A while back, rrp (after the flood) posted “burning up the thread, online political discourse,” in which she argued that “a snappy, cogent, or brutal put-down of a troll” is often rewarded by readers, whereas thoughtful, well-reasoned posts are more often ignored. Recently, Coyote Crossing responded, in “Online fires,” with thoughts about how hard it is to keep to writing such well-reasoned posts and how useful it has been to receive positive feedback on them from users.
As rrp says, writing thoughtfully and reasoning out all of one’s arguments is time consuming and challenging. Why should someone take the time and effort to do it if they aren’t rewarded? Why shouldn’t people default to writing flames, if that means that they’ll receive more positive responses?
In dog training, in order for a behavior that you like to start appearing more regularly, it should be rewarded. (When the dog sits quietly, he gets a treat.) However, if the reward is delivered too late, it isn’t linked to the wanted behavior, and the dog doesn’t learn the lesson we want him to learn. (If I start hunting for the treat bag when the dog sits, and he has stood up by the time I actually deliver the treat, I have reinforced standing, not sitting.)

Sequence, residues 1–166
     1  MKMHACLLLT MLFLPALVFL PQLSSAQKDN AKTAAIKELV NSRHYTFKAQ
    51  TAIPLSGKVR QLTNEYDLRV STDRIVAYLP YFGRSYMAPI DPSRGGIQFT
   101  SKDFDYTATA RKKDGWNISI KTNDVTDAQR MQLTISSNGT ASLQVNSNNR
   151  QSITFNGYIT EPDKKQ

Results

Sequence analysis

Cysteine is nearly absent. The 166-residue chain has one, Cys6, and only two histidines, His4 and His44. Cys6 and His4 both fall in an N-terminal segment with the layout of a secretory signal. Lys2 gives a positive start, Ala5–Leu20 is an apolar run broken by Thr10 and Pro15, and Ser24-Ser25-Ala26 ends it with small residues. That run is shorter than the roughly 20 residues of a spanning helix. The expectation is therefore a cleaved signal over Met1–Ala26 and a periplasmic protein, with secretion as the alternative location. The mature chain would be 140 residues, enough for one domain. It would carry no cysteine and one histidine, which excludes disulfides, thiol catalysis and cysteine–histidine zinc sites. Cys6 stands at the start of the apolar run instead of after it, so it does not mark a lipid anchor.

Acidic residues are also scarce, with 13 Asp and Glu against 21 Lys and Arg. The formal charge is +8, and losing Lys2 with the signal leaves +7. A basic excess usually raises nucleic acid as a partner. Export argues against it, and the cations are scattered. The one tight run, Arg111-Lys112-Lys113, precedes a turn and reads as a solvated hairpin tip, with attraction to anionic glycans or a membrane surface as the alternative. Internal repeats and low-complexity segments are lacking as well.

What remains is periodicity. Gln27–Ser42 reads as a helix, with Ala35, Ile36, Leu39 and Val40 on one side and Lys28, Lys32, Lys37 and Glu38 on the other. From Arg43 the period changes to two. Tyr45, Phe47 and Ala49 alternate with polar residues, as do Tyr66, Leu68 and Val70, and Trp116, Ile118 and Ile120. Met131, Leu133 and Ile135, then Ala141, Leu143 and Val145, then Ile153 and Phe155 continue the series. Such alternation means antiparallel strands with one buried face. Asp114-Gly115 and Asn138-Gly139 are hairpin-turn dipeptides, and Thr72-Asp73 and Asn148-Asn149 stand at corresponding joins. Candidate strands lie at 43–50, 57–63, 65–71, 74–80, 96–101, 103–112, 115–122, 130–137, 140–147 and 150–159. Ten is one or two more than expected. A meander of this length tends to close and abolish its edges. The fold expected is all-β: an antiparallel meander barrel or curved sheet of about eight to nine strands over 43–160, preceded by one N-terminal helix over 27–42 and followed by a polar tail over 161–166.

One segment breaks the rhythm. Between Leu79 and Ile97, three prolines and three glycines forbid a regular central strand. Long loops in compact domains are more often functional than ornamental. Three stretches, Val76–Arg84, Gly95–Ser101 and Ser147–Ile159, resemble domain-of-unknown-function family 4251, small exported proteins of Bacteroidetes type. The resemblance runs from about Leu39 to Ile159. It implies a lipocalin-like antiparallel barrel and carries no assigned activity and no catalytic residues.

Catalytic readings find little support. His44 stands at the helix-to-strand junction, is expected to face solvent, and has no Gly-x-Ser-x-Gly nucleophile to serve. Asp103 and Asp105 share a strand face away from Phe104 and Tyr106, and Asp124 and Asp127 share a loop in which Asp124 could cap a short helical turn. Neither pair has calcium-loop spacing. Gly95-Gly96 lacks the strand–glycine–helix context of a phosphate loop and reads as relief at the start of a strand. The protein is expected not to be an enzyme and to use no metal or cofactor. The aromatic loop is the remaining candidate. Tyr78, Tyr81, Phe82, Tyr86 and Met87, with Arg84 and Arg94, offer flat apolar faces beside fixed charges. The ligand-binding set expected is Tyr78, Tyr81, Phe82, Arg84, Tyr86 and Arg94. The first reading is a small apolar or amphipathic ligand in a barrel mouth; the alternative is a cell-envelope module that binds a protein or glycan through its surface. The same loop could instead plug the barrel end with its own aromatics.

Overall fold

It’s the same for us internet dwellers. We need our rewards to come pretty promptly. We can wait an hour for a response post that says “good job putting that idiot in his place! You really showed him!” That reward might reinforce our recent behavior of sending nasty mail in response to someone we disagreed with. We are less likely to wait a year and be able to look back on all of our posts to a list and tell ourselves, “I did a good job this year of posting only polite and useful things and restraining from making people feel bad about themselves.” That was more societally useful behavior than a rude post, but the reward is too little and too late to encourage us to do more of the same in the future.
Coyote Crossing suggests that, in fact, he has started receiving rewards for his more thoughtful posts this year, and that that’s been helpful to him. That’s good news. Is it extensible? I’m dubious that we can all just choose to reward people more for their thoughtful posts, and refrain from rewarding people for their snarky posts (no matter how much we agree with them), but if we can, it would go a long way to improving the emotional environment of the internet. I love the idea that eventually we could all develop an online community in which thoughtfulness was valued more than cutting rhetoric.